LONDON: A bowl of hot seaweeds soup may be a sought-after dish, but the marine plants are more than a gourmet's delight — they could mend a damaged heart.
Scientists for decades have grappled with various ways to block further tissue damage in patients who suffer a heart attack. Now, an Israeli team has developed a gel from seaweeds which could stave off the risk of an additional damage.
According to researchers, the gel when injected into the area of the heart, where the tissue has been damaged by an attack, solidifies — this allows a thick layer of scar tissue to grow, helping the heart to continue working normally.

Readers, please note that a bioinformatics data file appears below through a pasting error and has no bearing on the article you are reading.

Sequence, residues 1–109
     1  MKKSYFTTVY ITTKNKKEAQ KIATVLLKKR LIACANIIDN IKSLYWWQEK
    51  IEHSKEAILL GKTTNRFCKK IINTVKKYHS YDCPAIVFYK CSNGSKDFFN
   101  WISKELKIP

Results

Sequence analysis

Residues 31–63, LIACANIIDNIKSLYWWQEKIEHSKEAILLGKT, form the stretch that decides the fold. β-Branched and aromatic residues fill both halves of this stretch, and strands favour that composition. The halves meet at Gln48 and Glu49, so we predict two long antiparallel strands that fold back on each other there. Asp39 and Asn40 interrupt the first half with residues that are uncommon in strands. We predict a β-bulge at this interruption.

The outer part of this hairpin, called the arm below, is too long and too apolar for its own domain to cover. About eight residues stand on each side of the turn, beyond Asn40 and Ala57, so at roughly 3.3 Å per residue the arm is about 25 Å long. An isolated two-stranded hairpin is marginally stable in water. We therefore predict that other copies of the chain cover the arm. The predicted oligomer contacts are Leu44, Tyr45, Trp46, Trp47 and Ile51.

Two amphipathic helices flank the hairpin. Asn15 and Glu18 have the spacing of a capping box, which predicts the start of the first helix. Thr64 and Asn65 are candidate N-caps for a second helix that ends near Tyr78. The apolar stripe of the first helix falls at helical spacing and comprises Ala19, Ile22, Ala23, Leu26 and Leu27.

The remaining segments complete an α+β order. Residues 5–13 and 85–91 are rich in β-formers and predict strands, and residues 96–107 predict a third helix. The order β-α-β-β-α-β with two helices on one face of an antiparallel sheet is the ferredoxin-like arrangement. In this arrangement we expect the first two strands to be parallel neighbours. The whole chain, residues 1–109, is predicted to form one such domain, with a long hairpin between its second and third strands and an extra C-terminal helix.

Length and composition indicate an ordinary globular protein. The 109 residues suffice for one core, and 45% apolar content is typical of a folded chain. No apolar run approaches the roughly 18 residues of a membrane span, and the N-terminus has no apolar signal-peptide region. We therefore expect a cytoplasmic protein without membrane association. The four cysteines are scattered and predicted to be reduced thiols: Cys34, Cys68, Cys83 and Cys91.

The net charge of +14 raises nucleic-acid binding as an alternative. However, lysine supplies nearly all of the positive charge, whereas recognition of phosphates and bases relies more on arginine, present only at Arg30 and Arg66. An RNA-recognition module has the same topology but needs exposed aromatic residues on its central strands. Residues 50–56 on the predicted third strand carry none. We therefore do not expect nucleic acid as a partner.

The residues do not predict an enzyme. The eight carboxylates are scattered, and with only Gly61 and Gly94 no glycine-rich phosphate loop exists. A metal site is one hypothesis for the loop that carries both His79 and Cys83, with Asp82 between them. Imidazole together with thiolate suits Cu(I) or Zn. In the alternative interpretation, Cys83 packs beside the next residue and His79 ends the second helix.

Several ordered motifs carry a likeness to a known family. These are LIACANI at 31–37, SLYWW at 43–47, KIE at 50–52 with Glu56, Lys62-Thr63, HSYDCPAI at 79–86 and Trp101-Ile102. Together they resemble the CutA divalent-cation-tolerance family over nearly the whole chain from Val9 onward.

The gel is made from ordinary brown seaweed and can be injected into the heart using a catheter fed through a vein in the groin.
"What it does is quite remarkable," British newspaper Daily Mail quoted professor Smedar Cohen, who led the team which developed the gel at Israel's Ben Gurion University, as saying.
In trials, 90% of animals injected with the gel survived a heart attack compared to just 40% who received no treatment at all. Trials have started in Germany, Belgium and Israel on people who have suffered a major heart attack. If successful, the substance could hit the market by 2011.
6 months ago